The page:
HOW WE MET: SUZANNE VEGA AND MITCHELL FROOM

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The Independent Culture
The singer/songwriter Suzanne Vega, 37, grew up in New York City. She started her career on the Greenwich Village folk circuit and released her debut album in 1985. Since then she has recorded four more albums, including the recent Nine Objects of Desire. Married to her producer Mitchell Froom, she has one daughter, Ruby, aged two and a half, and lives in Tribeca, New York. Producer Mitchell Froom, 44, was born in northern California. After studying music at Berkeley he played keyboards in psychedelic bands. Since 1985 he has worked as a producer for acts such as Crowded House and Elvis Costello. He now divides his time between LA and New York.

Suzanne Vega: I first met Mitchell in December, 1991, when I was auditioning producers for my fourth album, 99.9F. It was a formal record-company meeting at a restaurant in Los Angeles. I was with my manager and an A&R guy, and none of us knew what Mitchell looked like. He was late. When he finally did come in, it made me laugh because he was so un-Hollywood. He was dressed all in black, looking mournful with his big glasses on, a lot like Elvis Costello. I'd wondered about his character before I met him and found my guesses were pretty accurate: he was a little bit eccentric, but his productions never got out of hand or dissolved into chaos. I wasn't sure if we'd like each other, though I was sure we'd work well together.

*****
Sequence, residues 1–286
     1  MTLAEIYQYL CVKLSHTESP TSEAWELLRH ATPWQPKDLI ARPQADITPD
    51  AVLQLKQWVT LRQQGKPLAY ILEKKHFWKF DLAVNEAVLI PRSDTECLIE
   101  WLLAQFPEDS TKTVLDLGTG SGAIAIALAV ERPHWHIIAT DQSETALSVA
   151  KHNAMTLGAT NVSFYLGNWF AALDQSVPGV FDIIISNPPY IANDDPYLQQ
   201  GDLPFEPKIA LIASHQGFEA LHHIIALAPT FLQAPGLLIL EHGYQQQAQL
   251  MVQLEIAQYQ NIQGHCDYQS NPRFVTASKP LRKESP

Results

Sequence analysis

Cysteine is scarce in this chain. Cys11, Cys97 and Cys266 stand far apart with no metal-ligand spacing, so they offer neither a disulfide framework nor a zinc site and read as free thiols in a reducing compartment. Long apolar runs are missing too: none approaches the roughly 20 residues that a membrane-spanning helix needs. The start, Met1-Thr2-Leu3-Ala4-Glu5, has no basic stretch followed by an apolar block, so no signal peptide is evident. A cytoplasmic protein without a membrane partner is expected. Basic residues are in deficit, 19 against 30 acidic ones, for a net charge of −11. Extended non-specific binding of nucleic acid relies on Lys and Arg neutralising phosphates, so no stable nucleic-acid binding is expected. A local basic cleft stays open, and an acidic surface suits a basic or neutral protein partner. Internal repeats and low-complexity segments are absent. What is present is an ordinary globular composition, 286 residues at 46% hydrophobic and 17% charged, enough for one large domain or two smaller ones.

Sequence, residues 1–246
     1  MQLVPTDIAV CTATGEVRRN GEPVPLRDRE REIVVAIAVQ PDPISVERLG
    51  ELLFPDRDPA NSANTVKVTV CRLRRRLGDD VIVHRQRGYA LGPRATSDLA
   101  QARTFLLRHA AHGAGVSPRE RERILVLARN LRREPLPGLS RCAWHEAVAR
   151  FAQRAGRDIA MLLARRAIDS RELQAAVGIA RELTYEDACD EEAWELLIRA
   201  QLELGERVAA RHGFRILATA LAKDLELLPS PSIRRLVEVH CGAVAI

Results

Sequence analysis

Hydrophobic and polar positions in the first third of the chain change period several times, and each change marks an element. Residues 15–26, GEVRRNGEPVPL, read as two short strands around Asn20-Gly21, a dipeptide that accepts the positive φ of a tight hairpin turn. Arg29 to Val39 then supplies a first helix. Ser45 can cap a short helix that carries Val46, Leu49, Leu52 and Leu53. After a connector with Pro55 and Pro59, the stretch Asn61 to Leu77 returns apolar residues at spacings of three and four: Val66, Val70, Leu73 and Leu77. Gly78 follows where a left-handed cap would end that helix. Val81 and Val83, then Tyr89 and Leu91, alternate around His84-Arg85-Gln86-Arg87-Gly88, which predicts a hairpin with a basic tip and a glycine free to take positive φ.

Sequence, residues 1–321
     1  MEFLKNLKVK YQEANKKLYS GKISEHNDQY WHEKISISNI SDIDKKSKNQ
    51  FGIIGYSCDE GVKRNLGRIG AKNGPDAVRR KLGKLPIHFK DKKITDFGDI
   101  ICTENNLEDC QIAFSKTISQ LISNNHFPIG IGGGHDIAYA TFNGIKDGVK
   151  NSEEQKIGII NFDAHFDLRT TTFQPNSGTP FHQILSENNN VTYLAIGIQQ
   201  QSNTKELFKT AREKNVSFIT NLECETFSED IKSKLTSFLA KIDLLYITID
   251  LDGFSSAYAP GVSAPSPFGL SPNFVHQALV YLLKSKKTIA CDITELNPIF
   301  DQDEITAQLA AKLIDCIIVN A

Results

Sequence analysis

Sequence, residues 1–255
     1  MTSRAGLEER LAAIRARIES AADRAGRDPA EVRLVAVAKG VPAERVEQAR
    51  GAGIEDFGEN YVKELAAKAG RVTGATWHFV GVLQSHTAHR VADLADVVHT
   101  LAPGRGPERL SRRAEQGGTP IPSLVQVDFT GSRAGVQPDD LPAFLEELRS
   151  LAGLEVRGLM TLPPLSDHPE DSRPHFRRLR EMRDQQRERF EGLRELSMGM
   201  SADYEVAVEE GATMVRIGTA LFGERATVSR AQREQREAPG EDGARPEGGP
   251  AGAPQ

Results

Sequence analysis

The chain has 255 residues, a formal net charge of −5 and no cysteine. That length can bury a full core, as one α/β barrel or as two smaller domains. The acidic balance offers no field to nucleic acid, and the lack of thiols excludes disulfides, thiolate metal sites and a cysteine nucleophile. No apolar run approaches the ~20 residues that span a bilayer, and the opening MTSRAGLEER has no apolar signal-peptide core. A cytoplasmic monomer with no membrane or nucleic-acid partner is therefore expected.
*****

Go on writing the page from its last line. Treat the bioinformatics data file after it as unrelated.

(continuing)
We fell in love while we were working on the album. I started to have really strange dreams and a weird feeling I couldn't put a name to. I knew I liked him, but didn't think about being attracted to him. I felt myself being drawn into something against my will. It was like he cast a spell, and I resented it. I didn't want to be involved with a keyboard- playing producer who was married with a child. I felt it would wreck everything. It started to dawn on me a couple of weeks into the recording process, when we went out for a drink; we got into the back seat of a car and he took my hand. Most guys if they take your hand are looking to see your reaction, but he was just holding it really tight and scowling out of the window.

Months went by and we weren't talking about this, until one night I said to him, I hope we can be friends for life. With that he pulled the car over to the side of the road and blurted out that he loved me and he'd never felt this way before, but felt a commitment to his wife and daughter. I was genuinely shocked because any woman who has been around a while has heard those things. My wife doesn't understand me, blah, blah. But this didn't have that quality to it. At that time I had a bird for company, a beautiful big yellow parakeet called Lulu who was always diving at Mitchell's head, trying to go for his glasses. Right at the moment he made his declaration she started flapping round the car, shrieking wildly. It felt like all hell was breaking loose.

It was very intense. I didn't want to be responsible for splitting him up from his wife, so I told him to stop saying things like that. But even though we weren't having an affair, there was this quality of strange old-fashioned romance, this thing happening to our souls that was very difficult to explain to anyone else, especially in America where everything is so casual. After we finished recording I didn't know if I would ever see him again. He needed to resolve things with his wife, so I just stayed away from him. There was this strange feeling of going through a trial, that if I loved him I had to stay away from him. I'd never been in that position before, and I was wretchedly miserable for several months, sobbing all the time.